Private mental health and social service agencies might also provide services. Unfortunately, even though your child may need therapy, health insurance policies do not always cover this expense. Because therapy costs will most likely be left to you, weigh the expense versus the benefits. 

One major benefit of obtaining therapy is that the therapist’s expertise and therapeutic equipment provides your child the opportunity to obtain the experiences they wouldn’t experience elsewhere. You will most likely see great positive changes in your child’s behavior, feelings, skill, and your family life. 

What Can You Do?
Working with your child at home is necessary in addition to any therapy he or she receives. When working with your child at home, remember to maintain a balanced sensory diet. 

A balanced sensory diet is a scheduled program that a therapist develops for children to help them become better regulated. In the same way that the main food groups provide daily nutrition, a sensory diet fulfills the physical and emotional needs of your child. Children with SPD need a specific diet with sights, sounds, smells, and touch more than most others.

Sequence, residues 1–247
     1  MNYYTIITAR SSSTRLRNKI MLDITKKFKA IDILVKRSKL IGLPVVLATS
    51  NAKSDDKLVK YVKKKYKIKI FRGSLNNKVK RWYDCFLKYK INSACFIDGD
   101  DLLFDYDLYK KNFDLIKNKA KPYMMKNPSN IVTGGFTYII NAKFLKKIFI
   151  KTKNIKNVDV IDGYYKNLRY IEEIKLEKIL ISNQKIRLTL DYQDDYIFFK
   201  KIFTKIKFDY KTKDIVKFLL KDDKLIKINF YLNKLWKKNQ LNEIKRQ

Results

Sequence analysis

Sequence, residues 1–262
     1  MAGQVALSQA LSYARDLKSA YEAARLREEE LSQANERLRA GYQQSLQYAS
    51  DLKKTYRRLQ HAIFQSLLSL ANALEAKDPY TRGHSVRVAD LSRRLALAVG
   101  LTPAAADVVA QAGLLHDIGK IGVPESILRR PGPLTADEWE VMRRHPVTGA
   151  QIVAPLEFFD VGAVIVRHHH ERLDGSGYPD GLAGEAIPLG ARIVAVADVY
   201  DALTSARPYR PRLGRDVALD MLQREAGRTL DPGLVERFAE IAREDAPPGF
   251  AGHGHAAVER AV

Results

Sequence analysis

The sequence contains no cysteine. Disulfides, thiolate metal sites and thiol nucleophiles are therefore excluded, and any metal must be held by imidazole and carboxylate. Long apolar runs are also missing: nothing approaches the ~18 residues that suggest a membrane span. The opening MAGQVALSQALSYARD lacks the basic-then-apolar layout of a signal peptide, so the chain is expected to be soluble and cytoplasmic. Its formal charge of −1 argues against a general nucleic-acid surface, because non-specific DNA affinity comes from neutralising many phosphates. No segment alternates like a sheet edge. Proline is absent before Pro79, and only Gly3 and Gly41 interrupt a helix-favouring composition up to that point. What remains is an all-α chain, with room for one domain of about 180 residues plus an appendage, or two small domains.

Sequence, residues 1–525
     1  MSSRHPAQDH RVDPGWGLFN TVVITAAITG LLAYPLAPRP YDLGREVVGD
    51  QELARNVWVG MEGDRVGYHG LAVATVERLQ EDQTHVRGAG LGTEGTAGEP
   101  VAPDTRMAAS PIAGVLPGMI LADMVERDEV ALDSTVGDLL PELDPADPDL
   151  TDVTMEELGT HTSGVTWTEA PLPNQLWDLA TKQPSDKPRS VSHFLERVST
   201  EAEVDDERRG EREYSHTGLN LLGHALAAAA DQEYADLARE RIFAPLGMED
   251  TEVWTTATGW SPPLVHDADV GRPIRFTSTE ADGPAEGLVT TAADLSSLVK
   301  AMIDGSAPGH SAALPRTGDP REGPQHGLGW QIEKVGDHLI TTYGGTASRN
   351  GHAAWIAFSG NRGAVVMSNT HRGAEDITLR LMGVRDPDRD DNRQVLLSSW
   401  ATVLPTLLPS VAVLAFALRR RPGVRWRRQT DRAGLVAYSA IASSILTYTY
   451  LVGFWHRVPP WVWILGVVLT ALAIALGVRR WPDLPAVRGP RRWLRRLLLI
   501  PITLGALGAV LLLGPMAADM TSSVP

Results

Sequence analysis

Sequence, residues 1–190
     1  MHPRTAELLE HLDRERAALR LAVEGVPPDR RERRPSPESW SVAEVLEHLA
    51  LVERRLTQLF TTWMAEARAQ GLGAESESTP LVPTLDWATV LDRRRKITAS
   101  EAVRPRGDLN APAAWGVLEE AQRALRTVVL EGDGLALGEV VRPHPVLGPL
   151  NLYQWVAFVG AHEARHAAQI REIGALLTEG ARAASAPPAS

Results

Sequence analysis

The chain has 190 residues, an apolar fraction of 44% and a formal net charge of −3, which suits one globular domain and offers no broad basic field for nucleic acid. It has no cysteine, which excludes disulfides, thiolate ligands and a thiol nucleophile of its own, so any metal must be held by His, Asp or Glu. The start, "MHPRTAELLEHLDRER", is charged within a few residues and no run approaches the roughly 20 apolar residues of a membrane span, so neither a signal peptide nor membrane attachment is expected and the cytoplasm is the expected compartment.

A sensory diet includes a combination of alerting, organizing, and calming activities. 

Alerting activities benefit the under-responsive child, who needs a boost to become effectively aroused. These include: 

  • Crunching dry cereal, chips, crackers, carrots, apples
  • Taking a shower
  • Bouncing on a therapy ball or beach ball
  • Jumping on a mattress or trampoline

Organizing activities help regulate the child’s responses. They include: 

  • Chewing granola bars, licorice, gum, bagels
  • Hanging by the hands from a chinning bar
  • Pushing or pulling heavy loads
  • Getting into an upside-down position

Calming activities help the child decrease sensory over-responsitivity or overstimulation. They include: